Cornerstone EPC Sunday morning
Franklin, NC 28734 July 1, 2018
“Back from the Family Reunion—2018”
I am back, in positive answer to your prayers, from the General Assembly meeting of the Evangelical Presbyterian Church—a meeting I call the family reunion. It is very good, at these Assemblies, to renew old acquaintances and to forge new one. By God’s empowering grace, your deeply introverted pastor did just these in the days just after Father’s Day. It is very good, at these Assemblies, to receive excellent preaching and teaching—and to participate in worship generally. From these your pastor profited once again. It was a good week—and God was merciful, for he mitigated the usual heat, if not the humidity, somewhat in Memphis during our meetings.
The theme of this year’s Assembly, drawn from today’s text, was Forward! Our leadership, especially our speakers, focused on directing our collective focus forward during the Assembly. Let’s examine this a bit as we look both at this year’s Assembly and at our life together here in the little blue church on the hill. Let’s furthermore give attention to this day’s reading from God’s inerrant Word, the Bible.
(HERE READ THE TEXT)
We note in today’s text that Paul presses onward and strains forward to that which he has in part now. He calls it, by the Spirit’s leading, the goal of the prize of the upward call of God in Christ Jesus. That to which Paul strives has another name, to wit, resurrection from the dead—and that predicated upon righteousness through faith in Christ Jesus. This righteousness, ours through faith in Jesus Christ, entails knowing Jesus Himself, knowing the power of His resurrection, and sharing in the fellowship of His sufferings.
The view and activity which Paul declares of himself to the Philippians is the view and act of the mature Christian as well. We too press, and strain, and exert effort for the upward call of God in Christ Jesus. God calls us to exert ourselves with Him in our sanctification. Hence, we press to know Jesus and, moreover, to be made like Him. We strive to know the power of Jesus’ resurrection—both in our souls, where no one save God and us sees, and in every sphere of our lives, where many see. We even exert, if passively, in the sharing of Jesus’ sufferings. We grow weary in ministry, and we endure the pains of personal reproach—both from unbelievers and, alas, at times from Christians too.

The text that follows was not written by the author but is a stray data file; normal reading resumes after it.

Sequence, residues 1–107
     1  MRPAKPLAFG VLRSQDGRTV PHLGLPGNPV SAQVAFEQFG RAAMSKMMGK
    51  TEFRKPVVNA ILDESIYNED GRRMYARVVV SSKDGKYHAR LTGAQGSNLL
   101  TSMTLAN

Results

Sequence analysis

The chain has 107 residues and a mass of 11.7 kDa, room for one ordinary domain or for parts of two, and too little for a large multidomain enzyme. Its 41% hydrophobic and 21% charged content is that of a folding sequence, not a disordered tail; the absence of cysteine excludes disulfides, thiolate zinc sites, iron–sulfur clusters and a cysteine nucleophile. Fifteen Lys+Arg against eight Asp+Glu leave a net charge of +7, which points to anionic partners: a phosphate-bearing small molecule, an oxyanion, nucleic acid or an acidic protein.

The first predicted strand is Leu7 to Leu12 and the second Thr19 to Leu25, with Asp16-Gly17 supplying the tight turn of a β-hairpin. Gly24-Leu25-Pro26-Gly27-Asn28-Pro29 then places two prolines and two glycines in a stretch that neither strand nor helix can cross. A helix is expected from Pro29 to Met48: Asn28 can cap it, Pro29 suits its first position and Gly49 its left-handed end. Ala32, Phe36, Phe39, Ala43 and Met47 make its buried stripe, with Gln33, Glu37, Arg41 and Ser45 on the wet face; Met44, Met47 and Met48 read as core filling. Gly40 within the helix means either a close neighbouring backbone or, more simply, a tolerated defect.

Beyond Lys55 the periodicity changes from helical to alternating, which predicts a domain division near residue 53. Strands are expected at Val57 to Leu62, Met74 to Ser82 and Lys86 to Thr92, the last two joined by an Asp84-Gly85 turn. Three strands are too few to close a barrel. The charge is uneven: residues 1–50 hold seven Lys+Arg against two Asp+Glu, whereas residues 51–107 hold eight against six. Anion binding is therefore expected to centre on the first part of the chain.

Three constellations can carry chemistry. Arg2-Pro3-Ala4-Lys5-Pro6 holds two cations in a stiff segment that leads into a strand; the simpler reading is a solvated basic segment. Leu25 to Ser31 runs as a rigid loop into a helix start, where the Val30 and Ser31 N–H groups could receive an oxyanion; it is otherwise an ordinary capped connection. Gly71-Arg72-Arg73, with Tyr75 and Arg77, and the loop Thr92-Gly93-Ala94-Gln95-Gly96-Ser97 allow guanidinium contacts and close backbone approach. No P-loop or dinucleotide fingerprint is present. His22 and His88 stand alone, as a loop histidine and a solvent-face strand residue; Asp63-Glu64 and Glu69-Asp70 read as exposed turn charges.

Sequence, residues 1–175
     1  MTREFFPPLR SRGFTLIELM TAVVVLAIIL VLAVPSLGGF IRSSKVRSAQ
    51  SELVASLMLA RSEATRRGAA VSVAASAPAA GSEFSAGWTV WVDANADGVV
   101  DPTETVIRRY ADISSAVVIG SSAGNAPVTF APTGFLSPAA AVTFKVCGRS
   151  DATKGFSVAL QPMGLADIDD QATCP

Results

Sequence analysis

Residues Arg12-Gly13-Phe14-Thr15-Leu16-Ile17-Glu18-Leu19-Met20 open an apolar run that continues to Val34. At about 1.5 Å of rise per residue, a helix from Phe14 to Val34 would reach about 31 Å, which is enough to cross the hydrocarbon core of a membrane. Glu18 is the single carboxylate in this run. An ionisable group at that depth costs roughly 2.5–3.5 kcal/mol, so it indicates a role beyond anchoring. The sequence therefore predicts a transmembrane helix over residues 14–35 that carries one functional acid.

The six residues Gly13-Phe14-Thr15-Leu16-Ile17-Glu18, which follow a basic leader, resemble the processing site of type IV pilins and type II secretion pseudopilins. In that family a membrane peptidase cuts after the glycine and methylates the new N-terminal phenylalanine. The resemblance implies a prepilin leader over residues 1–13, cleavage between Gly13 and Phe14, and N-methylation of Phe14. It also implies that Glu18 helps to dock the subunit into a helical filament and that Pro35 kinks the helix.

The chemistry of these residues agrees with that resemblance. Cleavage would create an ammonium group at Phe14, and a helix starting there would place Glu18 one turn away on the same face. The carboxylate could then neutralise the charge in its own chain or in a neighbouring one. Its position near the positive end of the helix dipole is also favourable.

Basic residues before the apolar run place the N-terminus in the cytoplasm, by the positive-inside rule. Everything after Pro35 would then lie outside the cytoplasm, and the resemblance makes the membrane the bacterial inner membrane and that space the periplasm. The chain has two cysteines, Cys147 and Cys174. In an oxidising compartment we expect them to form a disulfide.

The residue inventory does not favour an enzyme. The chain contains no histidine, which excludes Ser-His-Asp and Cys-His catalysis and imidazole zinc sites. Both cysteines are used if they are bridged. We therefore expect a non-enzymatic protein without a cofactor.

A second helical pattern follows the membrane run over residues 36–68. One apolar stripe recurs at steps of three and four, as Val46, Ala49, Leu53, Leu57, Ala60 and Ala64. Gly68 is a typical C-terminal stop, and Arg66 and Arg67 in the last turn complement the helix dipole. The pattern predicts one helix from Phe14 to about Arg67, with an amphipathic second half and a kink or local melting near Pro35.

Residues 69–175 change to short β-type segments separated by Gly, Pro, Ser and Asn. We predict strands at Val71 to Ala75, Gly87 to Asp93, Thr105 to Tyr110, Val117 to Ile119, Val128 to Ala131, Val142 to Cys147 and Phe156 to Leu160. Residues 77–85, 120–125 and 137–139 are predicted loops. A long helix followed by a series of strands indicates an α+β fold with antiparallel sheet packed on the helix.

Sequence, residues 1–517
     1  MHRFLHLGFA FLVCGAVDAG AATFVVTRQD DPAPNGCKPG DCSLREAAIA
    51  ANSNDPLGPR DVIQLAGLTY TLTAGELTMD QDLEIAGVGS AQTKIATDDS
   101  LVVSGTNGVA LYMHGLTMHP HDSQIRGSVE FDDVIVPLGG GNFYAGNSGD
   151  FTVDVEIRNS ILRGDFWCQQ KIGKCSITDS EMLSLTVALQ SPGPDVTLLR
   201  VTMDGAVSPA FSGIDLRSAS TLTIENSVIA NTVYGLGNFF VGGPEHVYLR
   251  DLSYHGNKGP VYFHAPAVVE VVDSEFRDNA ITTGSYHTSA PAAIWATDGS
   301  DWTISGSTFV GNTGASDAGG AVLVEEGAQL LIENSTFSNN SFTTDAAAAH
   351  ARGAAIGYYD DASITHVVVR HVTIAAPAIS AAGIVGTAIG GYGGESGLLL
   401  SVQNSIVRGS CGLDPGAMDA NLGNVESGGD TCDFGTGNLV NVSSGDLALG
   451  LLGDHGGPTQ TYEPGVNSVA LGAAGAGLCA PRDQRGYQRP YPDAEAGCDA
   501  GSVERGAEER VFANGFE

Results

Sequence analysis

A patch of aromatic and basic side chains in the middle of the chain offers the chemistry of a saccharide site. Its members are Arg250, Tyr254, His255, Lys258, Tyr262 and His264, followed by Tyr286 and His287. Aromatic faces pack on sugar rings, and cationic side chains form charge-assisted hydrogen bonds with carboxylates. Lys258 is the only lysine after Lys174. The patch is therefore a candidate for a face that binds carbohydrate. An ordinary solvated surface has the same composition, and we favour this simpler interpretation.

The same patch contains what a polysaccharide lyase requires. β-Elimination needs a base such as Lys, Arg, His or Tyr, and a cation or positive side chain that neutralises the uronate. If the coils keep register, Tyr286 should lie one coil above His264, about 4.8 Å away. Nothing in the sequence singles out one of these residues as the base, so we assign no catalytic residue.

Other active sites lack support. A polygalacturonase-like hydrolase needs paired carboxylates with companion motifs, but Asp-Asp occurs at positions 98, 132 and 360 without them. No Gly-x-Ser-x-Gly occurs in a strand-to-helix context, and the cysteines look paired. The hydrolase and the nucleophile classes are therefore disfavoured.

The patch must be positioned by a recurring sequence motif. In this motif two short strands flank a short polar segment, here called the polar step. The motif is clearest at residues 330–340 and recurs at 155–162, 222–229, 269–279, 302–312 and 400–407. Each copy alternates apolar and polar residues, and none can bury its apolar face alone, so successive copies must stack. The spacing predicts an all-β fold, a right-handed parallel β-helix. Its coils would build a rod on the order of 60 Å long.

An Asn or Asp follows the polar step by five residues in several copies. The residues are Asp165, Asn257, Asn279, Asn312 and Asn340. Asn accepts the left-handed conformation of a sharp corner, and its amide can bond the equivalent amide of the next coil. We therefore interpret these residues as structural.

Let’s see these truths applied in two spheres. First, we see these truths applied as urged on the floor of Assembly, namely, in ministry to certain underserved populations. Certain populations highlighted as underserved by the Assembly leadership include the largely African-American inner city, other ethnic populations
(Hispanic, et al.), and millennials. To these groups the Church—and the EPC in particular—is to advance winsomely with the Good News of God in Christ and to trust Him for the ministerial fruit. With this I have no quarrel; these are good places to expend oneself in Christian ministry.
What I didn’t hear on the floor of Assembly gives rise to a second sphere. There is potential ministry to certain underserved populations which did not receive mention at our General Assembly—but those populations now get their deserved mentioned. Few generally, and none in my hearing from the General Assembly platform, urged us forward in ministry to those in small towns and rural areas—especially those of the Deep South, Mid-South, and Southern Appalachia. I was formed in the first of these three, seasoned largely in the second, and lately am called to serve in the third. Hence, I have keen interest in how we apply today’s text, in view of the encouragement from General Assembly concerning other situations, to our own situation today.